The 60th anniversary of the March on Washington for Jobs and Freedom provides an opportunity for us to reflect on the hopes and promises advanced at the March, and the actions and accomplishments that followed.
Consequential research on gender-based violence on SportsWorld by two sociology alum, Katelyn Foltz (MA Sociology) and Marissa Kiss (PhD Sociology) with sociologists, Angie Hattery and Earl Smith from University of Delaware's Center for the Study and Prevention of Gender-based Violence.
Professional male athletes, particularly in the National Football League, have often been held up as the epitome of toxic male masculinity. This is not without good reason. In the past decade, NFL players have been arrested and convicted in cases of domestic violence, driving under the influence, illegal drug charges, involuntary manslaughter and, in the case of New England Patriots tight end Aaron Hernandez, even murder.
IIR Postdoctoral Research Fellow, Dr. Marissa Kiss, was interviewed by the Associated Press to discuss nepotism in the NFL. In recent decades immigrants have been underrepresented in the NFL. This is changing and hopefully immigrants along with African Americans will be able to bring their talent to the ranks of NFL coaches.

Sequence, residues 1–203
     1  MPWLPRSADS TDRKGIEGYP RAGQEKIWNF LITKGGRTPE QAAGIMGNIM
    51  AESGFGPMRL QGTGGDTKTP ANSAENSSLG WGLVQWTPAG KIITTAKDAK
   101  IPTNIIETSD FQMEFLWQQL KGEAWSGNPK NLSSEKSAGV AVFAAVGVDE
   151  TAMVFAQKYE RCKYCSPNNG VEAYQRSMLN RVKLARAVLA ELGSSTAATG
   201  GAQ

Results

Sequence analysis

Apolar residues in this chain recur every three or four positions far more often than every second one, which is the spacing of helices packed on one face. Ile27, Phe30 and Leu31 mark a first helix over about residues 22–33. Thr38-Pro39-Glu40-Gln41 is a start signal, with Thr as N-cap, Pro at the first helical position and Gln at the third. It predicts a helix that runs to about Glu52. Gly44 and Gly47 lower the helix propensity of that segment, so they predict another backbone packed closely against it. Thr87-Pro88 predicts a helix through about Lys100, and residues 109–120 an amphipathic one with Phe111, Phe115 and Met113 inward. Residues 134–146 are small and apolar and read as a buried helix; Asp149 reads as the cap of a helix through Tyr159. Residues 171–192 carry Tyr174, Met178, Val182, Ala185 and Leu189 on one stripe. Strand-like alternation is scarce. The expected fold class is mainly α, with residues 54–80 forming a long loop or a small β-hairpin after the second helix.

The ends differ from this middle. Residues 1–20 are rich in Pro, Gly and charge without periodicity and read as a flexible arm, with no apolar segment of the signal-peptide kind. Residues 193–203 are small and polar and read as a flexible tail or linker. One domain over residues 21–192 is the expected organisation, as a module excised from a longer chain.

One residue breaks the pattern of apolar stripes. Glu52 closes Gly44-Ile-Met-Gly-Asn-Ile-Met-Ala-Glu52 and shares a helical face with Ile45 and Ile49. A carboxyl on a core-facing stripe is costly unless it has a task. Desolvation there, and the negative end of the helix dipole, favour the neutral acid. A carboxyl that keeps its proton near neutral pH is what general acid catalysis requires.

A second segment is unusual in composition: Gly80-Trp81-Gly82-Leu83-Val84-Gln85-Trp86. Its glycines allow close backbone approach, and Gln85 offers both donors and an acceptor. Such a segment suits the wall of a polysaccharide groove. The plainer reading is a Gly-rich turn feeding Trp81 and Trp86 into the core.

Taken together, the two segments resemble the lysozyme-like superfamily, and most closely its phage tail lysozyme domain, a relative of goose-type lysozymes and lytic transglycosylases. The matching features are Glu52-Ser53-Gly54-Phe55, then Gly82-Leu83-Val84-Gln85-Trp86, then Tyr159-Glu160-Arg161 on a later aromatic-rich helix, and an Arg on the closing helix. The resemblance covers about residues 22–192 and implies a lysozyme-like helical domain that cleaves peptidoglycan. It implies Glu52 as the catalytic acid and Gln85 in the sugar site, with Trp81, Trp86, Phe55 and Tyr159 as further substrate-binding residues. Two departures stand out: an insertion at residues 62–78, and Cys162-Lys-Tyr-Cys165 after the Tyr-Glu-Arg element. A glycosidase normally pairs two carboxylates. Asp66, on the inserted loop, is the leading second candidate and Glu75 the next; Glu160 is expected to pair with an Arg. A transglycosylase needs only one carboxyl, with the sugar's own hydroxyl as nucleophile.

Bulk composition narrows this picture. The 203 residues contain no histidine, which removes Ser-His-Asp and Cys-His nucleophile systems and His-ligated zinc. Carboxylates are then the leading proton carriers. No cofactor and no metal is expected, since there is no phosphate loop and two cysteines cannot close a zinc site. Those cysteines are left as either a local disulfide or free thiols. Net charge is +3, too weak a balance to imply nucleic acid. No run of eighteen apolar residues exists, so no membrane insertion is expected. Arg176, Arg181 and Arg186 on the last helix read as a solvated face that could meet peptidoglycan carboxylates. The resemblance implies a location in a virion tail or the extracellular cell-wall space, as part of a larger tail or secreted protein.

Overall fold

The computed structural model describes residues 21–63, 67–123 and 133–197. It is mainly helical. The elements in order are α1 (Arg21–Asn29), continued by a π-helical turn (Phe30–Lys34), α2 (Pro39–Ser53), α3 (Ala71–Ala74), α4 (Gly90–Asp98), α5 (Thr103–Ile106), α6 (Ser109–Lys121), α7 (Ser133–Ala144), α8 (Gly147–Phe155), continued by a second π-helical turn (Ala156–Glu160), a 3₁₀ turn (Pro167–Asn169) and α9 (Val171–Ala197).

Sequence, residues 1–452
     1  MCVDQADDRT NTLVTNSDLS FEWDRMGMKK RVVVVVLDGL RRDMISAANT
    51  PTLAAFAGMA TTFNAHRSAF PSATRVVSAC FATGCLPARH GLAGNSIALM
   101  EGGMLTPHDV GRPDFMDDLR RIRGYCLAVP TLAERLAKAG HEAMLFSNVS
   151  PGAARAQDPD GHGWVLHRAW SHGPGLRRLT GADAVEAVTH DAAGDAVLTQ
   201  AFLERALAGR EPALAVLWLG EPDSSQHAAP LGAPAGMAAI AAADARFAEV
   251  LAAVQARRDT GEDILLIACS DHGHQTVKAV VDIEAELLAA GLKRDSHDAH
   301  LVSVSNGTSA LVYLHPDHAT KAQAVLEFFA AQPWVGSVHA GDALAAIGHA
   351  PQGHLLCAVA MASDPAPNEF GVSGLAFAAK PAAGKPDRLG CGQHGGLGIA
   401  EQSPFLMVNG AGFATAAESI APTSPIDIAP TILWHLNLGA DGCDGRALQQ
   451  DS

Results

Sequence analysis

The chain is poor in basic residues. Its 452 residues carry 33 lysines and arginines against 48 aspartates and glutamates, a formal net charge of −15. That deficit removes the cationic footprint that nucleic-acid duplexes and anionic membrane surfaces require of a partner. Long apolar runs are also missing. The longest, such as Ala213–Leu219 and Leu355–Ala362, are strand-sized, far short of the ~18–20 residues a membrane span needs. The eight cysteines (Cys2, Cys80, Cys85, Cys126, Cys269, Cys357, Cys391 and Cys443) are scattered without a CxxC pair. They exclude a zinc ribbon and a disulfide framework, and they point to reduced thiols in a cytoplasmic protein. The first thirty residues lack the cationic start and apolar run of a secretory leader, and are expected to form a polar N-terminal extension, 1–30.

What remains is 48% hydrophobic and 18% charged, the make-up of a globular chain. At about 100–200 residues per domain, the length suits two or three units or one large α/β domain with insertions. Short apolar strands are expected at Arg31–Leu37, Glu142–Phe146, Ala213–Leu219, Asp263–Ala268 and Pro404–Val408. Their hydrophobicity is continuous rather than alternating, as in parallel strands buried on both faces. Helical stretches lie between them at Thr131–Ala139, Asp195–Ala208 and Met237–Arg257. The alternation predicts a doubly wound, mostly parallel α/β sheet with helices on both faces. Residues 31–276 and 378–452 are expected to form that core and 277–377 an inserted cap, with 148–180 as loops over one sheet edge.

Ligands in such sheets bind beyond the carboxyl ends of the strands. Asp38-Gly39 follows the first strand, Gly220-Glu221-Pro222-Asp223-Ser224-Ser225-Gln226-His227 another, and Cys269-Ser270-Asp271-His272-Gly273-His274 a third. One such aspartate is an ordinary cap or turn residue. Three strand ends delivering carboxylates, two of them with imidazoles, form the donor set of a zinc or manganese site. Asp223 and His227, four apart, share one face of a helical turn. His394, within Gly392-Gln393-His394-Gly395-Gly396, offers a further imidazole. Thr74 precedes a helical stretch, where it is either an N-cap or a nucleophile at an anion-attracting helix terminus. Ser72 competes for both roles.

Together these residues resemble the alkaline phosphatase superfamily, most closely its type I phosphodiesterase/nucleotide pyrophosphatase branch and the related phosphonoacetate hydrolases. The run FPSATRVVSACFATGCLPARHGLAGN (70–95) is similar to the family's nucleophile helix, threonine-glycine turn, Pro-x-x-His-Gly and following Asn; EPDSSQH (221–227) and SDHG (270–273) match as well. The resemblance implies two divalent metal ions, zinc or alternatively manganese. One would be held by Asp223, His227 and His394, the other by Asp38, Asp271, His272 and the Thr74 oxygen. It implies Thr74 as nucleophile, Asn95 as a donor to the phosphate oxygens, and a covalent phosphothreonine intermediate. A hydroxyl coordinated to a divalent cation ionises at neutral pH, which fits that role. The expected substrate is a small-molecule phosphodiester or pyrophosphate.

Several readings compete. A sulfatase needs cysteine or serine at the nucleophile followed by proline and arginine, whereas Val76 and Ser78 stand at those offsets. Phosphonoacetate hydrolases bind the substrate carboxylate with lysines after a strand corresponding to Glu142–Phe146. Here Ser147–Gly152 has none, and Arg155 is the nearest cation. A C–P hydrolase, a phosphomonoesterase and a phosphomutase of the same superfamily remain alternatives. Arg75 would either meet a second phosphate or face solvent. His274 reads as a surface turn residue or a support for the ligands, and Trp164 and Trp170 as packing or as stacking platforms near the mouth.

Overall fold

James Condo is graduating from George Mason University this month with a BA in sociology. Originally from Massillon, Ohio, Condo is a student in the Honors College and has trained in the emerging field of Next System Studies, which involves research into questions of systemic design, change, and movements.
Sociology PhD candidate Sevil Suleymani was interviewed for Forbes about the protests in Iran. She will also appear on a panel for the National Women's Studies Association, "Womanhood and Resistance in Iran: From Ongoing Women-Led Protests to the Possibility of a Feminist Revolution."
LeNaya Hezel, a student in the Sociology PhD program and higher education specialist at Evocati, a veteran-owned consulting firm, and Barrett Bogue co-author, "The Call to Serve", which is featured in a Washington Post article on February 3, 2022. This report provides data-driven recommendations and peer analysis for Fayetteville State University becoming the leading HBCU to attract, support, and graduate military-connected students. Fayetteville State University used the report in tandem with North Carolina legislation support to offer free tuition to military-connected students. The most significant impact of the report is that its first of its kind. Historically black colleges and universities (HBCUs) have often be left out of the higher education discussion on who is serving military-connected students.
Carol Petty, a Sociology PhD Candidate and representative on the AAUP-Mason's Graduate Committee, recently published in the Fourth-Estate opinion pages where she wrote about back-to-back tuition increases on graduate students during COVID. Her work with the AAUP Graduate Committee centers around organizing and advocating on behalf of all graduate students at Mason.